During World War II, many women were recruited into the workforce to replace men who had been sent to fight. This was a significant step forward for women in the workforce, as it helped to break down some of the traditional gender barriers that had previously existed. However, women were expected to return to their traditional roles once the war was over and the men returned home.

In the 1960s and 1970s, the feminist movement brought attention to the lack of women in leadership positions and began to push for greater equality in the workplace. This led to changes in legislation and policies, such as the Civil Rights Act of 1964 in the USA, which prohibited discrimination on the basis of sex. Despite these changes, women continued to face significant barriers in the workplace, including discrimination, bias, and lack of opportunities.

In the 1980s and 1990s, more and more women began to break through the glass ceiling and enter into leadership positions in business. This was due in part to the increasing number of women who were graduating from college and entering the workforce, as well as to the growing recognition of the business benefits of diversity and inclusion in the workplace.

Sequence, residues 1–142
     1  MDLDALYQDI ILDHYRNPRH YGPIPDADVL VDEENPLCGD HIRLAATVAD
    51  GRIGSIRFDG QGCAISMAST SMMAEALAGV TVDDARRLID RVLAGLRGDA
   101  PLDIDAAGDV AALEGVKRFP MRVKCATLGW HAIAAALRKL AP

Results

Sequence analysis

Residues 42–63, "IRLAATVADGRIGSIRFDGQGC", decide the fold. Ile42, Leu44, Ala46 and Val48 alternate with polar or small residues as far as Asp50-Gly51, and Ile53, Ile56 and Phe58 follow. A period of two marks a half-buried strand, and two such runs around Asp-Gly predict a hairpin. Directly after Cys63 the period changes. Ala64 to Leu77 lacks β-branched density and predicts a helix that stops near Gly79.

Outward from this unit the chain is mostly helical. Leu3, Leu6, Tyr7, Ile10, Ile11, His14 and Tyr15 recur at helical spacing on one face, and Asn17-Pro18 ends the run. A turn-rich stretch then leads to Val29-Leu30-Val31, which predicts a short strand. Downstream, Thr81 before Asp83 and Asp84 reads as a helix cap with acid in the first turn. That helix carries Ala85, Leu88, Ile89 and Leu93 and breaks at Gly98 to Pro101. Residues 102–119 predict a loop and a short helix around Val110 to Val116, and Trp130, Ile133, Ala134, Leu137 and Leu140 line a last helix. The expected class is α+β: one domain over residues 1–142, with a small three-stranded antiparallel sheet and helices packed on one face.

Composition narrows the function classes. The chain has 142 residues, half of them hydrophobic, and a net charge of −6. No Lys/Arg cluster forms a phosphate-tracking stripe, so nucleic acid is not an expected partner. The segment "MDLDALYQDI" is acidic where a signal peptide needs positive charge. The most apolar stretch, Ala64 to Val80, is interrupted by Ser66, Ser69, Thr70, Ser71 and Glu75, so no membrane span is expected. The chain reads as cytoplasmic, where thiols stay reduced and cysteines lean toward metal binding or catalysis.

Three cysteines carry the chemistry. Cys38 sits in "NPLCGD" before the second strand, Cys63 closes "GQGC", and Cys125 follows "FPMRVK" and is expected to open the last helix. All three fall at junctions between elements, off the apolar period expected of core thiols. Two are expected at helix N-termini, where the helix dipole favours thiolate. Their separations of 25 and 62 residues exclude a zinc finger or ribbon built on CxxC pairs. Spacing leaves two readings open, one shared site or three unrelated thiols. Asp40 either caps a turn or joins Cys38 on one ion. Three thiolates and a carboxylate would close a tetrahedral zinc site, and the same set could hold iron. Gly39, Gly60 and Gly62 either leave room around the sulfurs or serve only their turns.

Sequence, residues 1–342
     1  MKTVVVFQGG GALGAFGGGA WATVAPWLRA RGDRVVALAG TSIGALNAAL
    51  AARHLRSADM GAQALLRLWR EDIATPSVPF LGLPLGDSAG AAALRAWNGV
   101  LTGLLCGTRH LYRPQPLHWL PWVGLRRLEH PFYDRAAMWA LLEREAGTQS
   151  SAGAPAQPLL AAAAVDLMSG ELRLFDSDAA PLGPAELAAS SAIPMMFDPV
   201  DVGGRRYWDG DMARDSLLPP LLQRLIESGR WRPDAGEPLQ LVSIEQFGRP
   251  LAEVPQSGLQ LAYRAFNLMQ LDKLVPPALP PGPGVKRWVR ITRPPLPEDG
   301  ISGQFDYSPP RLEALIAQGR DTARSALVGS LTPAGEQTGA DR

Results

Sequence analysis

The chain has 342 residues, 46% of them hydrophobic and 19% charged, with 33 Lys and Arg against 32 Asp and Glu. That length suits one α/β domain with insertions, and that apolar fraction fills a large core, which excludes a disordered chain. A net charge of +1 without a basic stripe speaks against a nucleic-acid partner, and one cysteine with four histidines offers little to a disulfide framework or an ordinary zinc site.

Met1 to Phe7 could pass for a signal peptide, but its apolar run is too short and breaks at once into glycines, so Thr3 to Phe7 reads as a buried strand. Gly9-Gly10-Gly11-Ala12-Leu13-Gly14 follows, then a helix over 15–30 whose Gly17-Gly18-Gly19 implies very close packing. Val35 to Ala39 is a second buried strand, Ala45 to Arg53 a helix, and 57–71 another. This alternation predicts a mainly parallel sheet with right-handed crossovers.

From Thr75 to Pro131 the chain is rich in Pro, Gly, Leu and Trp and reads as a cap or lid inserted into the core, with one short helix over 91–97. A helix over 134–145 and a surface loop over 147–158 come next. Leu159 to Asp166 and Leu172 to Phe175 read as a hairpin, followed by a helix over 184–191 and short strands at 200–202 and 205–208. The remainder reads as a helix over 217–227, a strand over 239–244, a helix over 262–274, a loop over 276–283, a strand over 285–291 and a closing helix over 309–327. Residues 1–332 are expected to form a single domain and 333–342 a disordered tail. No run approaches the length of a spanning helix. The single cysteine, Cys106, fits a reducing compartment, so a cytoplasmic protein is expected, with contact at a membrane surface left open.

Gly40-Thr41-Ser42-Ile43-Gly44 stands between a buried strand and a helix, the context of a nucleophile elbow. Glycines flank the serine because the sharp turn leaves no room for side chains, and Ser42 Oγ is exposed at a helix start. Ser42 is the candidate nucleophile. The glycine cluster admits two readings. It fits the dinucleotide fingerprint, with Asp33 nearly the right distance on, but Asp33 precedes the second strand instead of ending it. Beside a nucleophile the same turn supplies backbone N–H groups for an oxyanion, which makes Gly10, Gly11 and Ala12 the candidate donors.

In recent years, there has been a growing recognition of the importance of having women in leadership positions, not only from a social and ethical perspective, but also from a business perspective. Studies have shown that companies with more women in leadership positions tend to have better financial performance and more sustainable business models. Additionally, in the 21st century, more women are starting their own businesses and leading technology companies, which is a great sign of progress.

However, there is still a significant gap in the number of women in leadership positions compared to men, and there is ongoing work to be done to promote greater equality in the workplace. Despite the progress that has been made, women still face barriers such as discrimination, bias, and lack of opportunities, and organisations are still working to promote more diversity and inclusion in leadership roles.

5 Examples of How Women in Leadership helps organisations succeed:

  1. Increased diversity of perspectives and ideas: Women in leadership bring a unique perspective and set of experiences that can lead to more innovative and effective solutions for the organisation. Studies have shown that companies with higher levels of gender diversity in leadership tend to have better financial performance.
  2. Improved communication and collaboration: Women in leadership tend to have strong communication skills, which can help to foster a culture of collaboration and cooperation within the organisation. This can lead to improved teamwork and increased productivity.
  3. Greater empathy and emotional intelligence: Research has shown that women tend to have higher levels of emotional intelligence, which can help to create a more positive and inclusive work environment. This can lead to improved employee engagement and retention.